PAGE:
Capitalism & SlaveryMaster ClassIn-Person
Monday, Jan 13, 2020
9 a.m. – 4 p.m.
In parternship with the New-York Historical Society
This master class will explore the intimate links between U.S. wealth inequality and the violent racial subjugation that generated profits throughout four centuries of the transatlantic slave trade and the pre-Civil War North American plantation-industrial complex. Besides probing the symbiosis of chattel slavery and mass production, we will consider slavery’s legacy of repressing the political and economic aspirations of enslaved and free people of color, the financial implications of abolition and emancipation, and the propriety of acknowledging the lived experiences of enslaved men, women, and children in any discussions of capitalism and slavery. While the primary focus will be on the late eighteenth and nineteenth centuries, the discussion will also consider the issue of contemporary reparations.
Christian Crouch, Bard College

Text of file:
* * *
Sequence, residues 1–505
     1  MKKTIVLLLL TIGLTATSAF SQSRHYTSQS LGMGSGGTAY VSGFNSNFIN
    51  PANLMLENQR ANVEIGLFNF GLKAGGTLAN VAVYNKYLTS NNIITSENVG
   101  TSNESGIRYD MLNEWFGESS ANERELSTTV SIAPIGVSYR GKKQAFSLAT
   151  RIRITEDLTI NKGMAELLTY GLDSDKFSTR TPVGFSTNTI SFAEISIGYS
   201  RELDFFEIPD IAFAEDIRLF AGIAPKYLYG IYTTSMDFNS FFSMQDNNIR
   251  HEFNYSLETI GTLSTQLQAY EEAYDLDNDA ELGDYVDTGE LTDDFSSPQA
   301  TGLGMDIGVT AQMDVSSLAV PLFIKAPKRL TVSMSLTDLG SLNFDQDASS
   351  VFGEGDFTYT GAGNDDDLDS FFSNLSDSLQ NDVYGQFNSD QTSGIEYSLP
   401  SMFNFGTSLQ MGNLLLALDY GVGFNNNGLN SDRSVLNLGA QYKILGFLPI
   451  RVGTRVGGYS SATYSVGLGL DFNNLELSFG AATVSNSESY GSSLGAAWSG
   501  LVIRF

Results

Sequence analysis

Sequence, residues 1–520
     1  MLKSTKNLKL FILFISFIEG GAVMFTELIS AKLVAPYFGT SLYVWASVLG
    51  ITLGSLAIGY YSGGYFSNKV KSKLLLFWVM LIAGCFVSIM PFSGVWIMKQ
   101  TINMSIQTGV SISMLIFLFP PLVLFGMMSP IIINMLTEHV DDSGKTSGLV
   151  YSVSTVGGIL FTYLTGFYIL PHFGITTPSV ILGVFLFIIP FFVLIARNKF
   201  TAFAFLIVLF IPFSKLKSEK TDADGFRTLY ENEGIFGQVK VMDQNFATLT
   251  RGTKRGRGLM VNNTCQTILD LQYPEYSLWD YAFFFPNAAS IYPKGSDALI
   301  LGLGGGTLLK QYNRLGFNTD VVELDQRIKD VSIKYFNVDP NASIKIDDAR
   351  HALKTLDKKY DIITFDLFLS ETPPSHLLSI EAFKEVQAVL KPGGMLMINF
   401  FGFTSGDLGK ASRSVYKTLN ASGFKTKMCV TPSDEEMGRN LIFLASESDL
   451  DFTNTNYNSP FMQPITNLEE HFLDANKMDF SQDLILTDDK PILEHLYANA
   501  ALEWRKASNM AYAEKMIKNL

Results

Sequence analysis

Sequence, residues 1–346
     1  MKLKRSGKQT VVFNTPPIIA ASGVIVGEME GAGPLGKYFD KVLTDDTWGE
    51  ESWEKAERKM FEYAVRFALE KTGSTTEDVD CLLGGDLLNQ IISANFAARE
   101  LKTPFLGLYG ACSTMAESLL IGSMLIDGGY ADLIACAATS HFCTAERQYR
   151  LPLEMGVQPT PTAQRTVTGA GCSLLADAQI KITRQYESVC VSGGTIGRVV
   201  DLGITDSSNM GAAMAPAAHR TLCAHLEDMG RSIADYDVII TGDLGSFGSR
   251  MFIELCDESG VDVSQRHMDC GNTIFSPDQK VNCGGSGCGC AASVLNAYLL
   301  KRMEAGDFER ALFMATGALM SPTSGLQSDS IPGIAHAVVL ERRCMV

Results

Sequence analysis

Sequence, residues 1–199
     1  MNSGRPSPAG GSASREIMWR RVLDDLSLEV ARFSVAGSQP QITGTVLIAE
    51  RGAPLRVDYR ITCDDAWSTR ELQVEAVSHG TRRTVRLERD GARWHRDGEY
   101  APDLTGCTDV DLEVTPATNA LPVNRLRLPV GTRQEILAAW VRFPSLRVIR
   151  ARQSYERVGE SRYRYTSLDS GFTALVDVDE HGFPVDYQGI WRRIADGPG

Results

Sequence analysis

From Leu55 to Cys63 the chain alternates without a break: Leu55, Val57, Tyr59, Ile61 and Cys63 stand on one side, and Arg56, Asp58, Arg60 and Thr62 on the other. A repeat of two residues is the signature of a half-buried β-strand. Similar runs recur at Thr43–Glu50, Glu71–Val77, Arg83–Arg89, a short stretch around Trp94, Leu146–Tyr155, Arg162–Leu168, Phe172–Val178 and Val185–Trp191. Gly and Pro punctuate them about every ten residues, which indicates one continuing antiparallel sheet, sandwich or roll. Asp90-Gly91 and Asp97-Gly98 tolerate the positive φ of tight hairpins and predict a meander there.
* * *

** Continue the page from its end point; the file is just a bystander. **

Christian Ayne Crouch is associate professor of historical studies and dean of graduate studies at Bard College. She is the author of the award-winning Nobility Lost: French and Canadian Martial Cultures, Indians, and the End of New France, and her scholarship has delved into the Atlantic military culture, French imperial legacies, and the intersection of Native and African-American history and material culture. Her current book project, Queen Victoria’s Captive: A Story of Ambition, Empire, and a Stolen Ethiopian Prince, reevaluates East African colonial encounters and the human consequences of the world’s most expensive hostage rescue mission.
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